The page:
Frosty was a beautiful 9 year old American Shorthair who the world lost late last month. Frosty’s owner, Carlene, obtained her from Ironforge Cats Cattery in Marysville, WA. She was a gentle, sweet, dainty and exquisitely beautiful retired foundation queen that immediately stole Carlene’s heart.

Unfortunately, Frosty began vomiting one day in February of 2015, which began to progress in frequency and severity. She was brought in to see Dr. Kraabel DVM, DABVP (Canine/Feline) at Lien Animal Clinic for evaluation. Frosty’s vomiting persisted and it was decided that exploratory surgery was warranted. Dr. Kraabel found a cyst between her small and large intestines that was removed. Biopsies of the cyst were submitted, and found to be benign. Afterwards, Frosty improved and returned to her jumping, playful self again.

Frosty began vomiting again in the spring of 2016. She was referred over to Animal Medical Center of Seattle’s Internal Medicine department to see Dr. Donovan DVM, DACVIM (Internal Medicine) for an upper and lower gastrointestinal endoscope. This is the moment sweet Frosty entered the lives and hearts of everyone here at the Animal Medical Center of Seattle. Biopsies from the endoscopy revealed that Frosty had helicobacter, which was treated with antibiotics, and inflammatory bowel disease, which was treated with steroids.

Over the summer of 2016, Frosty’s pain and vomiting increased, as did trips to Dr. Kraabel, Dr. Donovan, and the ER staff at Animal Medical Center of Seattle. One early November 2016 night, Carlene heard Frosty scream, but she could not find where she was hiding. Appearing the next morning, Frosty was immediately taken to Dr. Kraabel and diagnosed with an intussusception, a life threatening telescoping of the bowel. Thankfully the intussusception abated without surgical intervention.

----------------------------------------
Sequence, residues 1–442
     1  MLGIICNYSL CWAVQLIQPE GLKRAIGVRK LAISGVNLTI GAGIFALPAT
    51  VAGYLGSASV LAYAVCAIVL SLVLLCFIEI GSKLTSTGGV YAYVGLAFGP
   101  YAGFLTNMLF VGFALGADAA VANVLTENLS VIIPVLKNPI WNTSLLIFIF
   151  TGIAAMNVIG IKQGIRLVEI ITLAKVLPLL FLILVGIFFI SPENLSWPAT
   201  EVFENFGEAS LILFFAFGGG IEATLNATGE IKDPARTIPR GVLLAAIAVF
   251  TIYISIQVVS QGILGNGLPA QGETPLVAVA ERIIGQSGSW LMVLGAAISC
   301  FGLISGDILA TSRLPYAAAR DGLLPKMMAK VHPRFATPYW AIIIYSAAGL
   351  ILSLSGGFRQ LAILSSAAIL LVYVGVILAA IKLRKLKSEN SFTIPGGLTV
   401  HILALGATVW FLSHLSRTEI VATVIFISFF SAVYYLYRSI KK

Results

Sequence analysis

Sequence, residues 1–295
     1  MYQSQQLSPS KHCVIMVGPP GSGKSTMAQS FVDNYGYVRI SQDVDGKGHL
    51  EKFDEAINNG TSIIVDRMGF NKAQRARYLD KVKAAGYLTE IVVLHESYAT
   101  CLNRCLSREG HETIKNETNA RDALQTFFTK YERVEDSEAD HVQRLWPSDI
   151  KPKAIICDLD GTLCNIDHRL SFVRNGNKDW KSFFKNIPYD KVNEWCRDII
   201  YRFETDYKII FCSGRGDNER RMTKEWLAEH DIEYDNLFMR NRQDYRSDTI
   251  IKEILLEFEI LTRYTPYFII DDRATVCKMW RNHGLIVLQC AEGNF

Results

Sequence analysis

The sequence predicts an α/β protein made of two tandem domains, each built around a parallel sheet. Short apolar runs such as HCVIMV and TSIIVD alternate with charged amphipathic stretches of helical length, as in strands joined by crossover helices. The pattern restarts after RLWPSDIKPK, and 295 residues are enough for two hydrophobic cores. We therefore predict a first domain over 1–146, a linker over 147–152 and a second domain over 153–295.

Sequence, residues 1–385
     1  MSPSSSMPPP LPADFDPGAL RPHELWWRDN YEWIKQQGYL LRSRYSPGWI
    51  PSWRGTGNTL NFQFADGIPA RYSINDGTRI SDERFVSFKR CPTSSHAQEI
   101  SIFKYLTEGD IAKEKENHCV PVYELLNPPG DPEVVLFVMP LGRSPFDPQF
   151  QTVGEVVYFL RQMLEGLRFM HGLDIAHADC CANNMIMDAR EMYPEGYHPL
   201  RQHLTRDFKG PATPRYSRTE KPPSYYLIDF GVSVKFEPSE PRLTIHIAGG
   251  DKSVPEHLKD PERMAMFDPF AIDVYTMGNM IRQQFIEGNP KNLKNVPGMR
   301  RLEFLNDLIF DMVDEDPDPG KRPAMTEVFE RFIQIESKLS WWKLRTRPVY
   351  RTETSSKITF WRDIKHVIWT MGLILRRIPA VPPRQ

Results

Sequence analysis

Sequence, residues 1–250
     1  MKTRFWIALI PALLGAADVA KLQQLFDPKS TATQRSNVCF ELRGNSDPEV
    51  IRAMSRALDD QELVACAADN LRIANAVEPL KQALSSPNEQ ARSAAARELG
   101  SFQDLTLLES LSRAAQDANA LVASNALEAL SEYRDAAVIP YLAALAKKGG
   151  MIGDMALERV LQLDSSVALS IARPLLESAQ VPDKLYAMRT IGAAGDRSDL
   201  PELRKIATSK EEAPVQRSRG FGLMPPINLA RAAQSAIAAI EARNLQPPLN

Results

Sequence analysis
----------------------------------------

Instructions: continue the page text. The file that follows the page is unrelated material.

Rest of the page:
However, in 2017 Frosty began to display signs of constipation. More trips to Dr. Kraabel and Dr. Donovan ensued, and Frosty was ultimately diagnosed with dysautonmia. Dysautonmia occurs when the nerves in the bowel fail to communicate and peristalsis, the normal wave like contractions of the stomach and intestines, ceases. Frosty’s downward spiral continued, and Carlene had to make the very tough decision to let go of Frosty in late March of 2017.

Frosty was an alpha female who was very smart and could learn quickly. She loved to cuddle with Carlene and sleep on her ironing board in her quilting room. She loved to watch and chase birds and leaves from inside the house through the sliding glass door. Frosty was cooperative during her illnesses and knew we were trying to help her, although the inhaler she used for her asthma was the most despised of her medications. A treat was always given to her for being brave when it was used.

Carlene is grateful for everything everyone has done for her in this tragic time in her life. She’s thankful for Trupanion pet medical insurance, who afforded Frosty to have the best veterinary care. Frosty’s care was not limited because she had multiple life threatening diseases, multiple surgeries, compounded medications, expensive procedures, tests and medical boarding. Carlene is also thankful for Dr. Timothy Kraabel and everyone at Lien Animal Clinic, Dr. Tanya Donovan and everyone at Animal Medical Center of Seattle, Ironforge American Shorthair Cats and who generously refunded Frosty’s recently ordered prescription food, and allowed Carlene to donate her food to AMCS.

Frosty will be deeply missed by everyone who was lucky enough to have known her, including her brother Henry.

“Frosty, I shall never forget you, for I have loved you.”

-Carlene Cole-Embree